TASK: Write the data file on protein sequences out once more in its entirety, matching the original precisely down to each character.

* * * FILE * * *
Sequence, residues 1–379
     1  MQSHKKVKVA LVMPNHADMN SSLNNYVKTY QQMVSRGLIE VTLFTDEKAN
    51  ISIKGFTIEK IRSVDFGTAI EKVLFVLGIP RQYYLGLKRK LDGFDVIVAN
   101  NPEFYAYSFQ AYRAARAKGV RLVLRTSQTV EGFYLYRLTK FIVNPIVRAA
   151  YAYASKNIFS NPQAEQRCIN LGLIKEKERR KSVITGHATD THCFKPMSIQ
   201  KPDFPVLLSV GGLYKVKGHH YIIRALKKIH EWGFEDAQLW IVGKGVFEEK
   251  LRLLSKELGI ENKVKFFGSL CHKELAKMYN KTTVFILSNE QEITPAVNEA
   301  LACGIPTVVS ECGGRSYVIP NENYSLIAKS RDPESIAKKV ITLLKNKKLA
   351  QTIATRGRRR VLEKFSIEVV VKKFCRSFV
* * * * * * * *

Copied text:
Sequence, residues 1–379
     1  MQSHKKVKVA LVMPNHADMN SSLNNYVKTY QQMVSRGLIE VTLFTDEKAN
    51  ISIKGFTIEK IRSVDFGTAI EKVLFVLGIP RQYYLGLKRK LDGFDVIVAN
   101  NPEFYAYSFQ AYRAARAKGV RLVLRTSQTV EGFYLYRLTK FIVNPIVRAA
   151  YAYASKNIFS NPQAEQRCIN LGLIKEKERR KSVITGHATD THCFKPMSIQ
   201  KPDFPVLLSV GGLYKVKGHH YIIRALKKIH EWGFEDAQLW IVGKGVFEEK
   251  LRLLSKELGI ENKVKFFGSL CHKELAKMYN KTTVFILSNE QEITPAVNEA
   301  LACGIPTVVS ECGGRSYVIP NENYSLIAKS RDPESIAKKV ITLLKNKKLA
   351  QTIATRGRRR VLEKFSIEVV VKKFCRSFV